...Just because overt age-discrimination is illegal doesn’t mean it never happens. In 2011, Google settled a multimillion-dollar claim brought by a computer scientist named Brian Reid, who had been fired when he was 54. Reid said colleagues and supervisors had frequently referred to him as “an old man” and “an old fuddy-duddy” whose ideas were “too old to matter.” They allegedly joked that his CD cases should be called LPs. A labor lawyer I spoke with told me he recently got a call from a thirtysomething supervisor at a start-up who said her job was at risk because the team she was managing—most of them ten years younger—had rejected her on account of her age. “She was being referred to as a ‘den mother,’ ” says the lawyer. “If no one is following your lead, you’re not much of a supervisor.”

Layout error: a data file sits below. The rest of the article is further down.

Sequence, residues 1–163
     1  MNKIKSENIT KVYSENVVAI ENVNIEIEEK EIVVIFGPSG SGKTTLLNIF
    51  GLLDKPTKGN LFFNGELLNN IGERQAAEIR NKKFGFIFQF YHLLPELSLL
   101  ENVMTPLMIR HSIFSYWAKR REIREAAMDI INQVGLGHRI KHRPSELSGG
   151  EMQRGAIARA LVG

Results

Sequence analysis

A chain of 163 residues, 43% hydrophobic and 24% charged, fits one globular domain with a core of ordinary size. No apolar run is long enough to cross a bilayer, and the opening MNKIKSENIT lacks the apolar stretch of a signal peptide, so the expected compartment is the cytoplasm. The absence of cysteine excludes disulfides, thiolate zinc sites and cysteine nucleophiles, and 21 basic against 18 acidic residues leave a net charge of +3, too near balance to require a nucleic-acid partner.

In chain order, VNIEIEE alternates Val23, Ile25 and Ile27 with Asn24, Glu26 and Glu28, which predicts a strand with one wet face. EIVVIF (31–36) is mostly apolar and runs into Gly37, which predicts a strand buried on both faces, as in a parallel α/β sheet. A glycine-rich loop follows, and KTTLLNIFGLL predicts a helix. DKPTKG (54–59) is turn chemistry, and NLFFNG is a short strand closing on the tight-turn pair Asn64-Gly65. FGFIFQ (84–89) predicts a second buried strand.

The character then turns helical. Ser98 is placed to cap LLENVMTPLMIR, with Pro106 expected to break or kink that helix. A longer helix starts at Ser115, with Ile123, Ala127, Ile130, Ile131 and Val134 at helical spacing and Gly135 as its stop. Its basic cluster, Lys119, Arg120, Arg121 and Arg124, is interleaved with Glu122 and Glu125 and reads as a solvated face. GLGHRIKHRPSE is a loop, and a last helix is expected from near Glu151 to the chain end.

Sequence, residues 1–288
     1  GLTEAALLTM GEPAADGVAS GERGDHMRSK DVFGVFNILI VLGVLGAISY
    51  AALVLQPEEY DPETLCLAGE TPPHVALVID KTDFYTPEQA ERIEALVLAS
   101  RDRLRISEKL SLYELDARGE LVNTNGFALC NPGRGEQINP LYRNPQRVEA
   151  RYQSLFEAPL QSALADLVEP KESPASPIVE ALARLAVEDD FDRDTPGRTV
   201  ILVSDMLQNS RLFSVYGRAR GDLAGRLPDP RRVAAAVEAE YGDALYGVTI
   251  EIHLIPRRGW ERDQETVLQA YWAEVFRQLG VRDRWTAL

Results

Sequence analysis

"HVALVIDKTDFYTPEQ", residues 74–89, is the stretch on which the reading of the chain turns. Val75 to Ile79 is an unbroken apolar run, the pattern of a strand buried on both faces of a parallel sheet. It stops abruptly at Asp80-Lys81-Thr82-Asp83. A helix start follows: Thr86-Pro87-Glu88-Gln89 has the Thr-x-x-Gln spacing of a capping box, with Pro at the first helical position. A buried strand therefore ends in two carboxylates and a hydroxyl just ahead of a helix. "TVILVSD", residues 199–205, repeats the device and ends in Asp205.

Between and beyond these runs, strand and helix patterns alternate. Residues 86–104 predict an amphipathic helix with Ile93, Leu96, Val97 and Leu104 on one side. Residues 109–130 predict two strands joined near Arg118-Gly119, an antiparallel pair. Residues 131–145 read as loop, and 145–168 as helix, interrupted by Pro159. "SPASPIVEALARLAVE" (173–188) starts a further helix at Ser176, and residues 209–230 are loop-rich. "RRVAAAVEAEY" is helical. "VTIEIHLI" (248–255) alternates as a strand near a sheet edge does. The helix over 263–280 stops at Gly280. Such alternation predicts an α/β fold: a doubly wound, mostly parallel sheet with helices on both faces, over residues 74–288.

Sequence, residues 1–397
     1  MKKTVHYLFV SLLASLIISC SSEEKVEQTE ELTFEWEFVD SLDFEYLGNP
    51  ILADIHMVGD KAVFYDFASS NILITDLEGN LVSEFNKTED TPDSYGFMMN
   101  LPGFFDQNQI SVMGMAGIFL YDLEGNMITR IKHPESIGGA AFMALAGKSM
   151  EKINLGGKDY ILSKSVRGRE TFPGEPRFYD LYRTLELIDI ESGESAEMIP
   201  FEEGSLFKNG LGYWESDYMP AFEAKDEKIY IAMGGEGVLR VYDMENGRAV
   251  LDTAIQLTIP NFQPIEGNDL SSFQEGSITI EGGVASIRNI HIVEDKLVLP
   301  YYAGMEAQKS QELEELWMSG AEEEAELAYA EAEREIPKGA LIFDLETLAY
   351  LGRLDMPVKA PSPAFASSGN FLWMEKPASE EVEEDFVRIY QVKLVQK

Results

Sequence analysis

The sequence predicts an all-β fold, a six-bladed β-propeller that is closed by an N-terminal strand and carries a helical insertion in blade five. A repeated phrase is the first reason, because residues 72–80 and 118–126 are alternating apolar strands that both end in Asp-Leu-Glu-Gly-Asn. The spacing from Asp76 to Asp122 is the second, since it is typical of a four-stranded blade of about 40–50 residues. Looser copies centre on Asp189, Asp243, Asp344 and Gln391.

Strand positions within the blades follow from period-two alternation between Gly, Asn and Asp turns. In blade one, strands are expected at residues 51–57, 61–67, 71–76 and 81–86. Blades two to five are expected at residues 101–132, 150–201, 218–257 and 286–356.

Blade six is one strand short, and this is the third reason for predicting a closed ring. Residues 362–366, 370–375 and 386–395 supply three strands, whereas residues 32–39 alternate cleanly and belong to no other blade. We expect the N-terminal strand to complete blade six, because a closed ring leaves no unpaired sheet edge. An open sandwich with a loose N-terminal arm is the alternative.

Still, ageism in Silicon Valley is usually more subtle: an extra burden of proof on the middle-aged to show they can hack it, on a scale very few workers of their vintage must deal with anywhere else. “People presume an older developer learned some trade skill five to ten years ago and has been coasting on it ever since,” says a 40-plus developer whose department consists mostly of 20-year-olds...The article should really be called "Silicon Valley VCs prefer pitches from young people", but the stories are interesting nonetheless.